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Queen Anne’s Lace – Fit for Any Royalty

Queen Anne’s lace

Queen Anne’s Lace, Daucus carota was one of the first flowers I could name. I did not know it was also  called wild carrot, but that name is understandable if you pull up some of the root and inhale that carrot-y fragrance. Who was Queen Anne? Probably, she was  Queen Anne (1665-1714) who ruled Great Britain for 12 years. The tiny red flower in the center of the umbel is considered to be a drop of blood when Queen Anne pricked her finger while making the lace.  That color of that single red flower is caused by anthrocyanin which attracts insects.

Queen Anne’s Lace is a biennial plant. which is just a rosette of basal leaves the first year while it develops that carrot-y tap root, and it blooms the second year. The flower is an umbel, which is a  “flat-topped or rounded flower cluster in which the individual flower stalks arise from about the same point, as in the geranium, milkweed, onion, and chive.”  The outer florets bloom first, bloom moving in towards the center which means that a flower can be in bloom as long as 50 days.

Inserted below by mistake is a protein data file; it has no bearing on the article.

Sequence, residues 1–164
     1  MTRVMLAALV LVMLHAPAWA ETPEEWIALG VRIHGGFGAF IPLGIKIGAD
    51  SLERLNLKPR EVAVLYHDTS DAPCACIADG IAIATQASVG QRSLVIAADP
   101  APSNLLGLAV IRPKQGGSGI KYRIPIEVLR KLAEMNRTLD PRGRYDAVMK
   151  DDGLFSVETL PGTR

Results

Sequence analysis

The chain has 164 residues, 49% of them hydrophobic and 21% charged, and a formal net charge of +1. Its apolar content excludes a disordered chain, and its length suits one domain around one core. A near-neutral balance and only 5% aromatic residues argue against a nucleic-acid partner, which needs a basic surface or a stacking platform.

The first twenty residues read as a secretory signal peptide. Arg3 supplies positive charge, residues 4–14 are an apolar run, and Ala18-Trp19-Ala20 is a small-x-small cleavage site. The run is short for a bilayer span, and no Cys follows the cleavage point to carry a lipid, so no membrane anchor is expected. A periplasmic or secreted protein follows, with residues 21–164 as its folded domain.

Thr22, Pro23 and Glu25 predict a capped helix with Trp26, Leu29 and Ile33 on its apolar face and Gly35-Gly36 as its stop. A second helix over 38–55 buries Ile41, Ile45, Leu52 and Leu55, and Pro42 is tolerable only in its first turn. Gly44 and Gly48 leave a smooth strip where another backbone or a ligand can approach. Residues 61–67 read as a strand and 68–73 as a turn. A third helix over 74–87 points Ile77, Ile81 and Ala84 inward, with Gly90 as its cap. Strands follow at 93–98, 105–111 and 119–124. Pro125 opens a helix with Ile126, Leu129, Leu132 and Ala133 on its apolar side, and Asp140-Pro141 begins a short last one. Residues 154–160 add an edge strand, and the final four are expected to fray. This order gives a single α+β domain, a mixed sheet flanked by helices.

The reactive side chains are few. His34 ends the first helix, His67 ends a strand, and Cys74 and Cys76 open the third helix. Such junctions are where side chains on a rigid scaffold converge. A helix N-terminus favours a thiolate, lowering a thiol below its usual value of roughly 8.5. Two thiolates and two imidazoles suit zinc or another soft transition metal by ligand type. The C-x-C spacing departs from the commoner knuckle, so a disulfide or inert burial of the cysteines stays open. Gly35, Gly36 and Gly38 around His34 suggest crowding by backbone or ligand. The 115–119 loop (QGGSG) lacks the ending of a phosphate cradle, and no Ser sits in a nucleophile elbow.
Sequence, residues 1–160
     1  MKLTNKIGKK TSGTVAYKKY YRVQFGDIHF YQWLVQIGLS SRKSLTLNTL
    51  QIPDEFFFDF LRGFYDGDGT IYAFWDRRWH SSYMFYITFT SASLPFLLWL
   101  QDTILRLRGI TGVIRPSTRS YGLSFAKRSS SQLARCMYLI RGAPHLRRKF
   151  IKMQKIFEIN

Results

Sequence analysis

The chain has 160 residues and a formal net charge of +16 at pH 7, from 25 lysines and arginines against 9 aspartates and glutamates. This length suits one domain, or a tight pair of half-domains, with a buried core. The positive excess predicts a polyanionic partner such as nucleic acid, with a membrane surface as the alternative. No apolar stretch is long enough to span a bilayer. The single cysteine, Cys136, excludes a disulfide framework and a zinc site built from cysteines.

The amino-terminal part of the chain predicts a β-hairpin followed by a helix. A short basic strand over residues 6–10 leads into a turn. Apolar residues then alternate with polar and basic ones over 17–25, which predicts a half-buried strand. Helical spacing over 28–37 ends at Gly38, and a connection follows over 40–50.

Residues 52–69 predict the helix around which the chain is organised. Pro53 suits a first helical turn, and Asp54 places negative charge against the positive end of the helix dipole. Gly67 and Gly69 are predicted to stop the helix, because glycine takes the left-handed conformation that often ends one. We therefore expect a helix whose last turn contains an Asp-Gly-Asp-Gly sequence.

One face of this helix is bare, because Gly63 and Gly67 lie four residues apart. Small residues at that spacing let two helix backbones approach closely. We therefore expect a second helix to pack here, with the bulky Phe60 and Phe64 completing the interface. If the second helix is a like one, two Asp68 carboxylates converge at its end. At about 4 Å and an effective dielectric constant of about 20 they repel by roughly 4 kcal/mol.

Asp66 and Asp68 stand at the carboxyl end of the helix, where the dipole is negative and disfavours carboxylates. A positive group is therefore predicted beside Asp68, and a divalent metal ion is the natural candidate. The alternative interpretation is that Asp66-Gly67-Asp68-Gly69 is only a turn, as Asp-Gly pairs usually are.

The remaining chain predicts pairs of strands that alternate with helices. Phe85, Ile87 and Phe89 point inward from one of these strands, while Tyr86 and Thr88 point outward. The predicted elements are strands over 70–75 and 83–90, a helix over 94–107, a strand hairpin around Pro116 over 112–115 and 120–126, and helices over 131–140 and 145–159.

Queen Anne’s Lace birdsnest

I didn’t actually like Queen Anne’s Lace much as a child, because somehow I usually only noticed it when it was looking like a birds nest, another name it has carried. Now, even though it is not native to North America I love to see it adorning the roadsides, not a fragile bit of lace, but a sturdy flower that attracts insects and gives me great pleasure.

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